By Leopold Munhende, Chief Correspondent
ZIMBABWE has been named the most miserable country in the world ahead of war-torn Ukraine, Syria and Sudan on renowned economist Steve Hanke’s Annual Misery Index (HAMI).
Hanke blamed Zimbabwe’s hyperinflation as the main reason for it topping his list. It came fifth in his 2021 analysis for the same reason.
The inflation rate is currently the highest at 243% while unemployment stands at 20%. Hanke further predicted a lowly 0.9% Gross Domestic Product (GDP) growth against Finance Minister Mthuli Ncube’s projected 6%.
“Zimbabwe takes this year’s prize as the most miserable country in the world. Since the reign of Robert Mugabe, which began in 1980, and then his successor, Emmerson Mnangagwa, the political party Zanu PF has had an iron grip on Zimbabwean politics,” said Hanke.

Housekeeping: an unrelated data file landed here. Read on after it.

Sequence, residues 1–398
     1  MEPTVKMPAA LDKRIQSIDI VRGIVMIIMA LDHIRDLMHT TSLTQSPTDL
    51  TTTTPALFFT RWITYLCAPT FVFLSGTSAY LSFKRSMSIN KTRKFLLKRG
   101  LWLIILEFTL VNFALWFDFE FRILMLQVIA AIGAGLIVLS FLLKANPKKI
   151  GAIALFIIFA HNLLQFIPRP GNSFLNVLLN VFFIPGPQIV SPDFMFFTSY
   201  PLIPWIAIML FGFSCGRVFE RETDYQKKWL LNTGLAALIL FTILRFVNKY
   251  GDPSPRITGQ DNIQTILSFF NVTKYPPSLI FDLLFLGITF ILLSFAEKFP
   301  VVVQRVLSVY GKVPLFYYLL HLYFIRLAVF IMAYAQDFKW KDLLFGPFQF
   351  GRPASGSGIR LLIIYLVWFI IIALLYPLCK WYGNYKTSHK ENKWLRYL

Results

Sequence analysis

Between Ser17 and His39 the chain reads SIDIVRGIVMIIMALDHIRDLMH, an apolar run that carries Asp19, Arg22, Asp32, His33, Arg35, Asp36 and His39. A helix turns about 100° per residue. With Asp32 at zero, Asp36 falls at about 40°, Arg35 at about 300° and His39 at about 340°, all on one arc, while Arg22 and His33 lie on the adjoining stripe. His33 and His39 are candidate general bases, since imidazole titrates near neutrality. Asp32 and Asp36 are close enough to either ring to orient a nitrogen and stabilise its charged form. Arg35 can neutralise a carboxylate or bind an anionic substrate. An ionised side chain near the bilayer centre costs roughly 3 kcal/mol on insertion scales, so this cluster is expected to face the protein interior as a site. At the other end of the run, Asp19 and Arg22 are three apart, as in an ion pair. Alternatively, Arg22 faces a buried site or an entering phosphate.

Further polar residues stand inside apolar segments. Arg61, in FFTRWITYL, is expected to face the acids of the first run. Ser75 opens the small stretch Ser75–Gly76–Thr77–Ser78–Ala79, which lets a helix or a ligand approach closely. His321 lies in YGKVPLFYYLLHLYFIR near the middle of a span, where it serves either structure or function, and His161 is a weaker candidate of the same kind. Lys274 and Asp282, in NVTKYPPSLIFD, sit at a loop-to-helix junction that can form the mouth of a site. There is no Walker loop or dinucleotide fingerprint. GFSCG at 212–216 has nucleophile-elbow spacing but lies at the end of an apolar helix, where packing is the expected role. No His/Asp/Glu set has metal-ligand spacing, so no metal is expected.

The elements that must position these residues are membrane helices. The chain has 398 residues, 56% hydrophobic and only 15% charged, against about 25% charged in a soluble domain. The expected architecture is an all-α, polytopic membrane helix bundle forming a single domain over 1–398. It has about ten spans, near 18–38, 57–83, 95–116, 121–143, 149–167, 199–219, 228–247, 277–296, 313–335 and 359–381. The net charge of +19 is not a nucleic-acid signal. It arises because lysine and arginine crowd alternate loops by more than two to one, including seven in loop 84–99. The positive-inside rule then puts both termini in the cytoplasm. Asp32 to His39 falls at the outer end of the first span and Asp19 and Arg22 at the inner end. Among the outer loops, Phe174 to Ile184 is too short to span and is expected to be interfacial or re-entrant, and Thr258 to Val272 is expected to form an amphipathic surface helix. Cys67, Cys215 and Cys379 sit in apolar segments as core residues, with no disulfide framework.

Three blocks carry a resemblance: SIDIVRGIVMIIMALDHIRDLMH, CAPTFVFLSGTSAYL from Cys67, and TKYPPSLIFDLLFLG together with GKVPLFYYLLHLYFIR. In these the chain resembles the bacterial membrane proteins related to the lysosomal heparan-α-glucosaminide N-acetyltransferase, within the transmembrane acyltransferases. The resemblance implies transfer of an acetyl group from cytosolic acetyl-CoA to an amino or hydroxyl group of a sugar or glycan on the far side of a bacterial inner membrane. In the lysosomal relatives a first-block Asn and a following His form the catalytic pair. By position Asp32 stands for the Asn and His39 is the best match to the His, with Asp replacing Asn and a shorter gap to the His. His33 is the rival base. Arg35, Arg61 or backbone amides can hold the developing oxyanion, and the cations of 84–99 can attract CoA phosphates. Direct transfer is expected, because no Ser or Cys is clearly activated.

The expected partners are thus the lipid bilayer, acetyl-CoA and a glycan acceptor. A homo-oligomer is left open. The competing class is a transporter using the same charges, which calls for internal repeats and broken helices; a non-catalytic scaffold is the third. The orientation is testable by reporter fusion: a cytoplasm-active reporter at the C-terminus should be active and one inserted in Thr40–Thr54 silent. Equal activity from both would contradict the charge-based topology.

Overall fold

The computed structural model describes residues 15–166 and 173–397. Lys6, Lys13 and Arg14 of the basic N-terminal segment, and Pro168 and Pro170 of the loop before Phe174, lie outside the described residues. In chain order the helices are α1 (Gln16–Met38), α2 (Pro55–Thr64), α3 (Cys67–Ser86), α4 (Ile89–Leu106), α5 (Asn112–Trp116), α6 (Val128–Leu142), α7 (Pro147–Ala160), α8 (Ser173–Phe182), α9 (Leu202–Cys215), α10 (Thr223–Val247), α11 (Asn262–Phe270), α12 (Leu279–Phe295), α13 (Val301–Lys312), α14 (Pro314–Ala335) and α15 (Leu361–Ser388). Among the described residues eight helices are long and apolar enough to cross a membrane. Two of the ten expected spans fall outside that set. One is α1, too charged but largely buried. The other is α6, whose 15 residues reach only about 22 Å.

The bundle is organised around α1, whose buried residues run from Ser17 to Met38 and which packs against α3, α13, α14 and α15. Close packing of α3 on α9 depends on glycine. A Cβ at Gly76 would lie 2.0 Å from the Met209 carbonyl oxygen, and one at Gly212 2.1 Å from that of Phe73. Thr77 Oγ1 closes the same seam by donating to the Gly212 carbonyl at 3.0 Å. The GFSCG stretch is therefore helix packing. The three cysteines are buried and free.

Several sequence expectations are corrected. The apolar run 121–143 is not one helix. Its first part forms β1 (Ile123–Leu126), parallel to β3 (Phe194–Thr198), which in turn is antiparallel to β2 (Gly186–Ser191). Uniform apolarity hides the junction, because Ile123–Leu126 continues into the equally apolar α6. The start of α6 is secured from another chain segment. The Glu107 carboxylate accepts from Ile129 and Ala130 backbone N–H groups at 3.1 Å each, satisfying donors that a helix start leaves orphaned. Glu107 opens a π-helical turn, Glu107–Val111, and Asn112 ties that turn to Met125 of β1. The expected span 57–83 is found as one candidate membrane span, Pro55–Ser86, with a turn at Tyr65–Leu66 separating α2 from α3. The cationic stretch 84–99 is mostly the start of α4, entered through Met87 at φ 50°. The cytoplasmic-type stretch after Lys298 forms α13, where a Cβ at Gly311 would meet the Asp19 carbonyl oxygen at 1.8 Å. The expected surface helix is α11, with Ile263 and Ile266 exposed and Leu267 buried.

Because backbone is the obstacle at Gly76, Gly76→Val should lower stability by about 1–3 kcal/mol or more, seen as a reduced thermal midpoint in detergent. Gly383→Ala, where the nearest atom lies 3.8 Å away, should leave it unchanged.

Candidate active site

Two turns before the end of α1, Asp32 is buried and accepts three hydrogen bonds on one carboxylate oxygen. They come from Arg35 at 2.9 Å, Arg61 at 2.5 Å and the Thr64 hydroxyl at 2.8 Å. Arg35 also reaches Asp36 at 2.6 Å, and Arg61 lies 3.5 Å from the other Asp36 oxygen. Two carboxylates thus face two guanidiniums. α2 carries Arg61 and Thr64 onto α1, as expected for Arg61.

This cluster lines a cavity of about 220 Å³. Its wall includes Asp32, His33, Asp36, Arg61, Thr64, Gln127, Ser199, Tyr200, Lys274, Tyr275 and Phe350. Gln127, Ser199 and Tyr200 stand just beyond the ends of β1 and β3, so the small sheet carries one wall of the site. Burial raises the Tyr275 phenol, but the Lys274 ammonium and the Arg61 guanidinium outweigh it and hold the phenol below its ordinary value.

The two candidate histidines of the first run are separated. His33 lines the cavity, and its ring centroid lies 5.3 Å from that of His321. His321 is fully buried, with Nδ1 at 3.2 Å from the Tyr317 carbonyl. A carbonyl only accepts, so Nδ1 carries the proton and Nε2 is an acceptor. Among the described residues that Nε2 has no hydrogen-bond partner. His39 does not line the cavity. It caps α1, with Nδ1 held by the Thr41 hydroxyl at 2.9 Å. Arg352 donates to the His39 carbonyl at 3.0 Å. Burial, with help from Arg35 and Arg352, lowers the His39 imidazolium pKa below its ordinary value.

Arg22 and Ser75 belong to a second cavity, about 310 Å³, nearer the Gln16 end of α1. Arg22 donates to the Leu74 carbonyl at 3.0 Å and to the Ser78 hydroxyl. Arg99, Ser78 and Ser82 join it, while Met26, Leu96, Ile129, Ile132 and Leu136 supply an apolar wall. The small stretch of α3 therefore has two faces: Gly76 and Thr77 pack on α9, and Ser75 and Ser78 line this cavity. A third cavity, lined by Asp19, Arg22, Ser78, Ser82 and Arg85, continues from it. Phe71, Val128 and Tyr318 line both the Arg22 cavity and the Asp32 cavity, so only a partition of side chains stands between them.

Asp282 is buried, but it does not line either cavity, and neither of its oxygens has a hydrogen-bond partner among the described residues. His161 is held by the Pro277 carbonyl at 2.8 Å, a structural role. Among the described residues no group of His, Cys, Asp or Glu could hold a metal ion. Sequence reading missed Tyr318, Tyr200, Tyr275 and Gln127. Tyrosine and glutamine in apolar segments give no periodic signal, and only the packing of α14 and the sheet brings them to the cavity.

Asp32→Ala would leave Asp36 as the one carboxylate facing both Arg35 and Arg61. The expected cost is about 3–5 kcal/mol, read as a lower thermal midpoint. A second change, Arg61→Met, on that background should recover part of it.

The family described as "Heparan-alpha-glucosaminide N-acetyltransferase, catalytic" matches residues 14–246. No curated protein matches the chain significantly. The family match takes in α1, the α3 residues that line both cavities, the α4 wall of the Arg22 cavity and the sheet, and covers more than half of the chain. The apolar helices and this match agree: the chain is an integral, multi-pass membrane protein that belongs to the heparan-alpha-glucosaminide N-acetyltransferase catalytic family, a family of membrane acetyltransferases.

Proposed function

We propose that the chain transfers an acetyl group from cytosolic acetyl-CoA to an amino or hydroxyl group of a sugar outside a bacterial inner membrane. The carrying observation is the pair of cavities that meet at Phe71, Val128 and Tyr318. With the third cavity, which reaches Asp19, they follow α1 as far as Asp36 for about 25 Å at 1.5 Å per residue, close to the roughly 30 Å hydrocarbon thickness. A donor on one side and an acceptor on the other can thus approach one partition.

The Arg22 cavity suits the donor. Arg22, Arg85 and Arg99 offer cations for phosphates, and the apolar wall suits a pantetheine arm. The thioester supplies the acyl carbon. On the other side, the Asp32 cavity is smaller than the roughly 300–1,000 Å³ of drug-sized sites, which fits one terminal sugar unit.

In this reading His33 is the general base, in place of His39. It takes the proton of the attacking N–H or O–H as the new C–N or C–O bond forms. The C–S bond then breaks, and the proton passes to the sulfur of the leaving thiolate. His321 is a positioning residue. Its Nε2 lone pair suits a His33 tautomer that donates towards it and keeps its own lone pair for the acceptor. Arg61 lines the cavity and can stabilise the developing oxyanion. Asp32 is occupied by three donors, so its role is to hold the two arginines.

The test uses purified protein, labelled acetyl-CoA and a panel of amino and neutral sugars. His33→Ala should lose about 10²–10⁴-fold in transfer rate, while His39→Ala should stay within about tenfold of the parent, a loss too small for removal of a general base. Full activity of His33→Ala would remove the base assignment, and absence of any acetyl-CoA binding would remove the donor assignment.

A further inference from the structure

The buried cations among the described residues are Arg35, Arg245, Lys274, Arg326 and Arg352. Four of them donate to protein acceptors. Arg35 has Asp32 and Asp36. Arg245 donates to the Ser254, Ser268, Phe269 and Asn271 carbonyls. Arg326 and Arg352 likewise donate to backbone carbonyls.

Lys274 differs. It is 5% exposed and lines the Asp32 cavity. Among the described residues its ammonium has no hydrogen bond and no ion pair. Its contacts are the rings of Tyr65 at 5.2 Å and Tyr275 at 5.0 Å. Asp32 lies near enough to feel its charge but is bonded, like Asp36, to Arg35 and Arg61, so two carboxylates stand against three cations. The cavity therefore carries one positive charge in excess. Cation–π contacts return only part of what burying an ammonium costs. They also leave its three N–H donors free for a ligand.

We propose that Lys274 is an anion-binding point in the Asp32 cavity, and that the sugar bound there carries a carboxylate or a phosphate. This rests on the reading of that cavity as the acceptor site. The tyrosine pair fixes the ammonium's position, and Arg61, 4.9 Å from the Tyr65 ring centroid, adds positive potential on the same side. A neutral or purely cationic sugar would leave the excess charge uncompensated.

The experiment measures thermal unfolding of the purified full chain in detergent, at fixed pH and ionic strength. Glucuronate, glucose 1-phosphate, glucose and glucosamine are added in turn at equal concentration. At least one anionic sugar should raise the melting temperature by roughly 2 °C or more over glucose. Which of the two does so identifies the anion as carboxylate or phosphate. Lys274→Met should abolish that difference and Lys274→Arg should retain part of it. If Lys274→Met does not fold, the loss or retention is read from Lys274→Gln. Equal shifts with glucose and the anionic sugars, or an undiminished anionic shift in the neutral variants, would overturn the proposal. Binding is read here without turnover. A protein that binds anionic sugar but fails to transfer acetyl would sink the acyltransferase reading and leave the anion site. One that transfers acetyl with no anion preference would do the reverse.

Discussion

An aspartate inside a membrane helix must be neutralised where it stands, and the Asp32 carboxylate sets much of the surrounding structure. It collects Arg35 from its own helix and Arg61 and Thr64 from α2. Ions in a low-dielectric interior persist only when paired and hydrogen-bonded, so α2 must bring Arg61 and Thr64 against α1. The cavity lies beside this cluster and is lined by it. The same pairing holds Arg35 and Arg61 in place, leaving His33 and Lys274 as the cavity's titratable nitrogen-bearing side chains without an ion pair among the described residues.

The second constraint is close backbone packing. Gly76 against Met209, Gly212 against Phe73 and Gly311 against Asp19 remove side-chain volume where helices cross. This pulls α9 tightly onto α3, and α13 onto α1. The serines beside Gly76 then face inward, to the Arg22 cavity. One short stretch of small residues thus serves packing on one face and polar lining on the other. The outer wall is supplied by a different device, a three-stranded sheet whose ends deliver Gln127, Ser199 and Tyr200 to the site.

“Indeed, Zanu PF operates more like a political mafia than a political party. Its policies have resulted in massive misery. For example, Zimbabwe has suffered endemic inflation since the Mugabe era, including two episodes of hyperinflation, in which the inflation rate (a component of the HAMI), exceeded 50 percent per month for 30 or more days.
“Last year didn’t deliver much better, with annual inflation at 243.8 percent, and lending rates following suit at 131.8 percent.”
Venezuela, Syria, Lebanon, Sudan, Argentina, Yemen, Ukraine, Cuba, Turkey, Sri Lanka, Haiti, Angola, Tonga, and Ghana complete the 15 most miserable countries in that order.
Switzerland is the ‘least miserable’ on the list.
After emphasising Zanu PF failures, Hanke predicted a win for Citizens Coalition for Change (CCC) President Nelson Chamisa at Zimbabwe’s August general elections.
Added Hanke: “With elections around the corner, Nelson Chamisa and his CCC is polling well, and, on the assumption that there will be fair and free elections in Zimbabwe, he just might pull Zimbabwe out of the gutter.”